sgdisk --backup=sdX_parttable_gpt.bak /dev/sdX

# Restore with GPT
sgdisk --load-backup=sda_parttable_gpt.bak /dev/sda
sgdisk --load-backup=sdb_parttable_gpt.bak /dev/sdb
sgdisk --load-backup=sdX_parttable_gpt.bak /dev/sdX

Drives with GPT

There are several reduntant copies of the GUID partition table (GPT) stored on the drive, so tools that support GPT, for example parted or GPT fdisk, need to be used to edit the table. The sgdisk tool from GPT fdisk (pre-installed when using the Rescue System) can be used to easily copy the partition table to a new drive. Here's an example of copying the partition table from sda to sdb:

sgdisk --backup=sda_parttable_gpt.bak /dev/sda
sgdisk --load-backup=sda_parttable_gpt.bak /dev/sdb

The drive then needs to be assigned a new random UUID:

sgdisk -G /dev/sdb

After this the drive can be added to the array. As a final step the bootloader needs to be installed.

Drives with MBR

The partition table can be simply copied to a new drive using sfdisk:

# sfdisk -d /dev/sda | sfdisk /dev/sdb

where /dev/sda is the source drive and /dev/sdb is the target drive.

(Optional): If the partitions are not detected by the system then the partition table has to be reread from the kernel:

# sfdisk -R /dev/sdb

Naturally, the partitions may also be created manually using fdisk, cfdisk or other tools. The partitions should be Linux raid autodetect (ID fd) types.

Integration of the new drive

Once the defective drive has been removed and the new one installed, it needs to be intagrated into the RAID array. This needs to be done for each partition.

# mdadm /dev/md0 -a /dev/sdb1
# mdadm /dev/md1 -a /dev/sdb2
# mdadm /dev/md2 -a /dev/sdb3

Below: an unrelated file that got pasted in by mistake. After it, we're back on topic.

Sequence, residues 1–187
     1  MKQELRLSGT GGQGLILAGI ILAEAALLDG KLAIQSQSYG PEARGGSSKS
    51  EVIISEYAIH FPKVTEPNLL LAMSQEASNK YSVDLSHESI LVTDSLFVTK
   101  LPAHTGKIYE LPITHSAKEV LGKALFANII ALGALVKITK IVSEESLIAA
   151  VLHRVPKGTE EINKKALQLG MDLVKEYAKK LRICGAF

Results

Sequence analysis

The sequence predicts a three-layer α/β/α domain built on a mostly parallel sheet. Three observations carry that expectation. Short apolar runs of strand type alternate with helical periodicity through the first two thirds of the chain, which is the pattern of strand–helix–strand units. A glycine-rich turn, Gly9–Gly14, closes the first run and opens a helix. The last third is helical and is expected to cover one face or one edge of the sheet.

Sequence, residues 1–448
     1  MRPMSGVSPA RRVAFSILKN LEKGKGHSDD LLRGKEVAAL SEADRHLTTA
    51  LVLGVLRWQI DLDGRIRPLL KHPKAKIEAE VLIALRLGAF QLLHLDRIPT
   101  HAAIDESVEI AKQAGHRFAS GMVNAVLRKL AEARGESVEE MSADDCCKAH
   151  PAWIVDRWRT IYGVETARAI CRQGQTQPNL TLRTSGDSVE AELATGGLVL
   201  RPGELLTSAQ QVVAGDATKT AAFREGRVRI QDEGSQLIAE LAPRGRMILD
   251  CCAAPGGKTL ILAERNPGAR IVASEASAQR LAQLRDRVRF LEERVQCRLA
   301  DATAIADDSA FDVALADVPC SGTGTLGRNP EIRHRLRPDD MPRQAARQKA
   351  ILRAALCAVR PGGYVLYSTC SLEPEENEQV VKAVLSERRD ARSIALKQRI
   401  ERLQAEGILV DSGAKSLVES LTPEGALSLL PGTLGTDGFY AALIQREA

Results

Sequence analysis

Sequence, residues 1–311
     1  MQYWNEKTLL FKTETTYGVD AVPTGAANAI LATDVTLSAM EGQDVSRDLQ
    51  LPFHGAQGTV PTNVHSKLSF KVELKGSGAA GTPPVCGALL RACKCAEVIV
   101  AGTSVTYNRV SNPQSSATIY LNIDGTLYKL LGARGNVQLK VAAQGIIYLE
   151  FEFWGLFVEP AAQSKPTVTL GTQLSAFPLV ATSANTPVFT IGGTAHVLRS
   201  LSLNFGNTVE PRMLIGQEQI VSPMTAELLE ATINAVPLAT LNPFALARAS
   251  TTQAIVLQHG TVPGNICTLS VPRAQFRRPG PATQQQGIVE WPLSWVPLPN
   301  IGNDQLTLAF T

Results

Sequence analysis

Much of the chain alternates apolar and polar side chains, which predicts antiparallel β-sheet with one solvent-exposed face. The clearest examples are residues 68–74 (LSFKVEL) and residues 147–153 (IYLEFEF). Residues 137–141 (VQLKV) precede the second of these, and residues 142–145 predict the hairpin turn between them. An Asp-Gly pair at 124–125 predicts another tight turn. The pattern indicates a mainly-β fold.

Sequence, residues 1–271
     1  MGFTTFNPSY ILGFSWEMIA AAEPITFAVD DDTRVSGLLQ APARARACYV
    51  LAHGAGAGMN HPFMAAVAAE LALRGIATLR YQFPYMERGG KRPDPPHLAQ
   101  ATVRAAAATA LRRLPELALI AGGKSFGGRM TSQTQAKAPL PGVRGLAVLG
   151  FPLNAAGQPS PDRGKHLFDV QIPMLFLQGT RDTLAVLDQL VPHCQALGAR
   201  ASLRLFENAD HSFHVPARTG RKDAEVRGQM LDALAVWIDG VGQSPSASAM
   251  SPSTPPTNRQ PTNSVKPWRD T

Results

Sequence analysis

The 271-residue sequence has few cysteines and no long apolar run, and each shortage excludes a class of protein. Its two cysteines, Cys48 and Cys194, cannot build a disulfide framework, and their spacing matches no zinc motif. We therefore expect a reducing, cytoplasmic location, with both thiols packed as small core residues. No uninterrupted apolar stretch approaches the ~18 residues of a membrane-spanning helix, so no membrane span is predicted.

# mdadm /dev/md3 -a /dev/sdb4

The new drive is now part of the array and will be synchronized. Depending on the size of the partitions this procedure can take some time. The status of the synchronization can be observed using cat /proc/mdstat.

# cat /proc/mdstat
Personalities : [raid1]
md3 : active raid1 sdb4[1] sda4[0]
      1028096 blocks [2/2] [UU]
      [==========>..........]  resync =  50.0% (514048/1028096) finish=97.3min speed=65787K/sec

md2 : active raid1 sdb3[1] sda3[0]
      208768 blocks [2/2] [UU]

md1 : active raid1 sdb2[1] sda2[0]
      2104448 blocks [2/2] [UU]

md0 : active raid1 sdb1[1] sda1[0]
      208768 blocks [2/2] [UU]

unused devices: <none>

Bootloader installation

If you are doing this repair in a booted system, then for GRUB2 running grub-install on the new drive is enough. For example:

grub-install /dev/sdb

In GRUB1 (legacy GRUB), depending on which drive was defective, more steps might be required.

  • Start the GRUB console: grub
  • Specify the partition where /boot is located: root (hd0,1) (/dev/sda2 = (hd0,1))
  • Install the bootloader in MBR: setup (hd0)
  • For also installing the bootloader on the second drive:
    • Map the second drive as hd0: device (hd0) /dev/sdb
    • Repeat steps 2 and 3 exactly (don't change the commands)
  • Exit the GRUB console: quit
Probing devices to guess BIOS drives. This may take a long time.


    GNU GRUB  version 0.97  (640K lower / 3072K upper memory)

 [ Minimal BASH-like line editing is supported.  For the first word, TAB
   lists possible command completions.  Anywhere else TAB lists the possible
   completions of a device/filename.]
grub> device (hd0) /dev/sdb
device (hd0) /dev/sdb
grub> root (hd0,1)
root (hd0,1)
 Filesystem type is ext2fs, partition type 0xfd
grub> setup (hd0)
setup (hd0)
 Checking if "/boot/grub/stage1" exists... yes
 Checking if "/boot/grub/stage2" exists... yes
 Checking if "/boot/grub/e2fs_stage1_5" exists... yes
 Running "embed /boot/grub/e2fs_stage1_5 (hd0)"...  26 sectors are embedded.
succeeded
 Running "install /boot/grub/stage1 (hd0) (hd0)1+26 p (hd0,1)/boot/grub/stage2 /boot/grub/grub.conf"... succeeded
Done.
grub> quit
#

For repairing via the Rescue System, the installed system has to be mounted first, as described here. All GRUB installation steps then have to be performed after chroot.